No MSC-label without sustainable fisheries management

18 November 2020

In the North-Eastern Atlantic, three large pelagic stocks are being overfished because states cannot agree on a quota sharing in line with scientifically advised catch amounts. This contradicts the MSC standard for sustainable fishing and risks threatening the future health of the stocks. A solution of the problem is still possible.

Effective fisheries management is one of the key requirements of the MSC, along with the prevention of overfishing and the protection of the marine ecosystem. Important components of robust management are clear fishing regulations, scientifically backed catch quota allocations and a cooperation among all states involved. This is particularly critical for large or migratory stocks that are fished by several nations, as is the case for Atlanto-Scandian herring, mackerel and blue whiting in the North East Atlantic.

The problem

Currently there is no robust management in place for those three key pelagic stocks: Coastal States did not agree on how the Total Allowable Catch (TAC) for these species will be shared amongst them. A quota sharing agreement is vital to ensure catch stays in line with the biologically sustainable limits advised by International Council for the Exploration of the Sea (ICES). Without this management protocol in place, the combined catch of Atlanto-Scandian herring, for example, has been more than 30% above the scientific advice in 2019 and 2020. Negotiations in October 2020, disappointingly, did not reach a solution to this stock management problem.

Consequences

Implementation of effective stock management is a condition of certification for the eight MSC certified fisheries that catch these stocks. As these fisheries will be unable to meet this condition, most are facing the suspension of their MSC certificates by the end of the year. Poor stock management and the subsequent loss of sustainability credentials are regrettable and worrying for the fishers and communities who depend on sustainable fishing, for retailers, manufacturers and consumers that rely on sustainable seafood, and, of course, for our oceans’ health.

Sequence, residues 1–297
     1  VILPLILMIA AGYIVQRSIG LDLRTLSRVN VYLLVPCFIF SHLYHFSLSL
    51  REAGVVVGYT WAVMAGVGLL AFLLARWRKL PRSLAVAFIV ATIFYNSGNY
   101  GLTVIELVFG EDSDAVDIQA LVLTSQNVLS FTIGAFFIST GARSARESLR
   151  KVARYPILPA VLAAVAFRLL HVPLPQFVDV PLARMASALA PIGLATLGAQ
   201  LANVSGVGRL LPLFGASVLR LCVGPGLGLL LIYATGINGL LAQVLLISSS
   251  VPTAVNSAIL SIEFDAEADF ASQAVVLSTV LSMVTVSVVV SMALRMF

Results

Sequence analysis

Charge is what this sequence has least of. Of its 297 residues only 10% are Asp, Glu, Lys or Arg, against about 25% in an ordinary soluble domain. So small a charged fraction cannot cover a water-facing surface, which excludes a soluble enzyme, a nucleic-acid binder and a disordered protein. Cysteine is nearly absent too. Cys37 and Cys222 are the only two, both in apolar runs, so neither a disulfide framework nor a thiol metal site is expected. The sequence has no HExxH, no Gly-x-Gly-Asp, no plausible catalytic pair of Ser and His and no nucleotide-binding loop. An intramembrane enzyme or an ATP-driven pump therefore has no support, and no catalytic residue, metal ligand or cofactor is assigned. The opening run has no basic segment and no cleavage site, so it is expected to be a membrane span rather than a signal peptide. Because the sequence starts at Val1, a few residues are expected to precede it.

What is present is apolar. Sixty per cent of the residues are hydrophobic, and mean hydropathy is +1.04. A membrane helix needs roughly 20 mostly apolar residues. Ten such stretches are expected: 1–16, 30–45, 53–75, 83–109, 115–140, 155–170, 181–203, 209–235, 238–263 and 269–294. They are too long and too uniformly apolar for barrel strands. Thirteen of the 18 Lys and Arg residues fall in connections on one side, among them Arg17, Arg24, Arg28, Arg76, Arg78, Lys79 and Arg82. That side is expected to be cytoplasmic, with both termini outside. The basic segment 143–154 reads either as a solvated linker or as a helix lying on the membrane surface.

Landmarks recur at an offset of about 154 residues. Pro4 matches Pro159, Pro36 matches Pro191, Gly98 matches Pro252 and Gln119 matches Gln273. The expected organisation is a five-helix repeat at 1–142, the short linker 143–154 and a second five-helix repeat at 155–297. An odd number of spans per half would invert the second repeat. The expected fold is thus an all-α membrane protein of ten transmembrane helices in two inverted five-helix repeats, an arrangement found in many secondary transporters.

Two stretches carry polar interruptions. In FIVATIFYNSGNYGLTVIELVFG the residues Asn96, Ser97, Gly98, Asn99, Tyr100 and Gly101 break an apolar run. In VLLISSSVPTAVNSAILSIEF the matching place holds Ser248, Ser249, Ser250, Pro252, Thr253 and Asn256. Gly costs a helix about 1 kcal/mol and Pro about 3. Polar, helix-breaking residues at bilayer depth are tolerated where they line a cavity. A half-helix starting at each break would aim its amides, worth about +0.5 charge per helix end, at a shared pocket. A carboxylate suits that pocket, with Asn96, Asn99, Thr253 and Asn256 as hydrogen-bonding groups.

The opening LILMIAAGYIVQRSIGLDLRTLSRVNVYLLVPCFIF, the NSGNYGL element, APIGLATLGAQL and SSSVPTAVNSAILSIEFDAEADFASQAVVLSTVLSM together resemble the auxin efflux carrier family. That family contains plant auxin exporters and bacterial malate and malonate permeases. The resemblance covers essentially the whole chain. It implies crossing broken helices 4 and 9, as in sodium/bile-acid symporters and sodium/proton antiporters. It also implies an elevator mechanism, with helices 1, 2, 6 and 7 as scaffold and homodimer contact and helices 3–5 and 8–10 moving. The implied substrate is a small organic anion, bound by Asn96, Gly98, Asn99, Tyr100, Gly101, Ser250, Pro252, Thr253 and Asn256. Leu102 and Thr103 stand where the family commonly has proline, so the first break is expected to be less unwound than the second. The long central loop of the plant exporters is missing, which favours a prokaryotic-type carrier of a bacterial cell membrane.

Looking ahead

Additional negotiations between Coastal States on 25 November 2020 (mackerel) and in January 2021 (Atlanto-Scandian herring) present a further opportunity for the involved nations to agree on a binding quota sharing allocation in line with scientific advice. While the stocks are not yet in the "red zone" according to current stock estimates by ICES, the history of Atlanto-Scandian herring itself shows that stocks can collapse if continuously overfished. One of the largest stocks in the world, Atlanto-Scandian herring stock collapsed in the 1960s due to poor management, and it took a full 20 years for it to recover. Today, it is important to avoid history repeating and to ensure the future protection of these ecologically and economically important stocks in the North-East Atlantic.

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